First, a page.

2. Nothing conclusive from my CT conversation, but it’s clear their emphasis now is planning for the Swift extension to 185th, since that route requires elaborate stations which require lead time to design and build.

      After that’s under control, then they can consider options for the local CT routes that now connect at AVTC. And one of those options will be to abandon AVTC entirely and restructure all those local routes to serve a Link station, which can function as mini transit centers, still providing transfer connections among multiple bus routes.

      There was mention of difficulty finding layover space for CT and ST buses to be truncated into Northgate Link station.

  15. Since Swift is the Long haul / express route, and 101 is the local route, shouldn’t Swift go with option A, which prioritizes the faster connection to Link, and then 101 can do option B, which is the coverage option ensuring riders still have a direct but less frequent way to get to AVTC.

    Most people want to get to the major job centers quickly: Swift to Link via Alt A. Others want local trips within Snohomish: 101 via option B. Since CT is already trying to serve “ridership” (SWIFT)and “coverage” (101) goals along Aurora with different routes, the same framework will work here.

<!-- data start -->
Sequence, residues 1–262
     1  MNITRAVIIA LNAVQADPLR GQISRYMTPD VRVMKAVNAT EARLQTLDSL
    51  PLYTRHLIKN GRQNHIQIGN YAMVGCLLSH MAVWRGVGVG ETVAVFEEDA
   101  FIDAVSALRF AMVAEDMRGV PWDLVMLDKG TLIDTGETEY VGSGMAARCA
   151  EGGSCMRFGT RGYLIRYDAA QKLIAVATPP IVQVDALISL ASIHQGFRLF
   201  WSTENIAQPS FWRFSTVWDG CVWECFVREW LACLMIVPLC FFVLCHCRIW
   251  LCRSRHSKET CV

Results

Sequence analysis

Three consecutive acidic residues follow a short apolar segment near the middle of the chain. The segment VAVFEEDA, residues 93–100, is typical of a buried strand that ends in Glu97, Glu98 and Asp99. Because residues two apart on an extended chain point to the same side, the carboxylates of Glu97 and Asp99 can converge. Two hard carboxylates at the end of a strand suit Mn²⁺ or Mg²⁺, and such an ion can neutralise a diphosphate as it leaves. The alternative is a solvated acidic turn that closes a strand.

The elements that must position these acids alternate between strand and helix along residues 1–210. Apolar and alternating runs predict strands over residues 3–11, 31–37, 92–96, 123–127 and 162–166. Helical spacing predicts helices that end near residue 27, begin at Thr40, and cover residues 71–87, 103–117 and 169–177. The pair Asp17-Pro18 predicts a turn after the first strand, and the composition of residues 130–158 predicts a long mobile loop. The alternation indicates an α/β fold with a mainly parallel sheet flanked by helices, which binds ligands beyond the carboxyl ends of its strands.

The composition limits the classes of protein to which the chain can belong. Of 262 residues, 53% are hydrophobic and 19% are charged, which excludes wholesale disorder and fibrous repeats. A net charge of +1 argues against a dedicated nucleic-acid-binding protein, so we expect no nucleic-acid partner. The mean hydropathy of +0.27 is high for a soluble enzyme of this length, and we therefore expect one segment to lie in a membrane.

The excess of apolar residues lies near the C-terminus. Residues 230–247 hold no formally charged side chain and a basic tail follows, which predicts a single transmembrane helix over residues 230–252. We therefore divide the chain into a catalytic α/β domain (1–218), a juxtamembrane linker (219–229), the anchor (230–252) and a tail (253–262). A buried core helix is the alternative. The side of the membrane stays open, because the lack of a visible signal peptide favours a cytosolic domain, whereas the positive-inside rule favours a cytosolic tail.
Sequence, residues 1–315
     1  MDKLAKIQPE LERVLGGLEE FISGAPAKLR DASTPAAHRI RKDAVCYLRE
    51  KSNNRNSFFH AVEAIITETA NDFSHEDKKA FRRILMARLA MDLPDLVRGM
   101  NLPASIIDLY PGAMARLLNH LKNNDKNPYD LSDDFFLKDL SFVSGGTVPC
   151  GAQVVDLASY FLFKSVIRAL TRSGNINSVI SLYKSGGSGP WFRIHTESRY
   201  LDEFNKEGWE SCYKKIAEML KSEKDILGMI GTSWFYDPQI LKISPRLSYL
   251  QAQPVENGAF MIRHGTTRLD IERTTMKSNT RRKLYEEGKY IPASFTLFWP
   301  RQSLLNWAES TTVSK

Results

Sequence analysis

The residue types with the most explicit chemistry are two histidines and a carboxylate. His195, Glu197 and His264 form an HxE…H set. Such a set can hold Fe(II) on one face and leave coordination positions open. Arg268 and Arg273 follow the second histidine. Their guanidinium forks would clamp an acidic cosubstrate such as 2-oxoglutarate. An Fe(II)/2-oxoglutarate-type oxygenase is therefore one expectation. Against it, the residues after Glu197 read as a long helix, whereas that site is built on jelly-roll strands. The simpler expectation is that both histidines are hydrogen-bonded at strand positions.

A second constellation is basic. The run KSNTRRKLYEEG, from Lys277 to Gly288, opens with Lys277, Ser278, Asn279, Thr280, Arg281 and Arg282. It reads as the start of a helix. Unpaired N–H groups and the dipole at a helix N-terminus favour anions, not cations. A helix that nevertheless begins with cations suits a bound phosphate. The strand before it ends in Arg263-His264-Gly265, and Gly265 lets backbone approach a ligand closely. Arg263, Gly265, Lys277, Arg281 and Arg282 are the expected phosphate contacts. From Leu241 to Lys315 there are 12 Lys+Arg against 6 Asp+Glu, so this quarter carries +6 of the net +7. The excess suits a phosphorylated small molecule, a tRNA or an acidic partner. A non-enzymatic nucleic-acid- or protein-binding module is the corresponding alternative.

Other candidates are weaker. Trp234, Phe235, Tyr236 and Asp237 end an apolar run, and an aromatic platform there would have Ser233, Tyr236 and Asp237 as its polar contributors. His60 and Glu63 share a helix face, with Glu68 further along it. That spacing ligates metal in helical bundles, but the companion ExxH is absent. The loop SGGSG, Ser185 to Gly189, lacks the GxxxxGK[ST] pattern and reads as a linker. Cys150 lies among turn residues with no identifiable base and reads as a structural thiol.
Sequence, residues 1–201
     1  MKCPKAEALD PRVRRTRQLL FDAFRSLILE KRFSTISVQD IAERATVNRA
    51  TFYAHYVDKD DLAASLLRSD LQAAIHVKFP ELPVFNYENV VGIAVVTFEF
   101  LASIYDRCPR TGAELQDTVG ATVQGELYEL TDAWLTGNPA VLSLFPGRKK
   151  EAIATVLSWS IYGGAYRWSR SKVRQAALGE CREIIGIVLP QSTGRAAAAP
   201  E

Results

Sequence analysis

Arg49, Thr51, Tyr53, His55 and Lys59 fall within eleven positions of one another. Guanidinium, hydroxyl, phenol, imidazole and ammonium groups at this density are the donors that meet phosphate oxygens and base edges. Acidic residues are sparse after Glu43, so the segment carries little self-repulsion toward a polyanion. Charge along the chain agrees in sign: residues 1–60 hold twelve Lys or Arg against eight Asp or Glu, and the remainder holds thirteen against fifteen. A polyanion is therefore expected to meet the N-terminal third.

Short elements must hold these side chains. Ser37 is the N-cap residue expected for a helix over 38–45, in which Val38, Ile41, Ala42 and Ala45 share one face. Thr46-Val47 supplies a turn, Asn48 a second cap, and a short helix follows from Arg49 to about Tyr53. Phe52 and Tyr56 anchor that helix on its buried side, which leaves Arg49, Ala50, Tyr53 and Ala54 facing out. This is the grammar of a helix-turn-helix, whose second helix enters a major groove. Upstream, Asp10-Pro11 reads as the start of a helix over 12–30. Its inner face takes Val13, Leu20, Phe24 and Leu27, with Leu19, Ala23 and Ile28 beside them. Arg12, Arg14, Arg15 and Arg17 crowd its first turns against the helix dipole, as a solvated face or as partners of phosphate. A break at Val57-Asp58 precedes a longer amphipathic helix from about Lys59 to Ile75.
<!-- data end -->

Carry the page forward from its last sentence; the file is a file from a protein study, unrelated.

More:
1. Yes. Alternative A is the fastest, which is why it is the best option. A single stop at 200th makes for a better connection to E than the transit center, and just as good for other buses. I would also add a stop at 185th, to minimize backtracking for Richmond Beach to Snohomish County riders, but that’s a judgement call.

      I would just send the 101 to AVTC. There is no reason to go further on the Alternative B route, since it is all very low density residential from there to the transit center. Snohomish County shouldn’t be providing coverage service for King County — Metro can do that just fine (with the 346). Those from Snohomish County going to Aurora Village can just take the 130, from Mountlake Terrace. The only reason for the 101 to be extended is if Metro pays them.

      1. Yeah this is probably the best strategy, RossB. Because 101 runs infrequently and there are two Snohomish stations for Link after 2024 so there will be multiple local CT routes going to Link anyway, I can’t see much attractiveness to use Route 101 to get to Link at Shoreline North Station. If a Route 101 extension is in the cards, I would suggest connecting to Mountlake Terrace Station instead.

    2. “shouldn’t Swift go with option A, which prioritizes the faster connection to Link, and then 101 can do option B,”

      Good point. There’s no reason the 101 can’t do option B. It doesn’t matter if it has the same routing as Swift between stations, only at stations.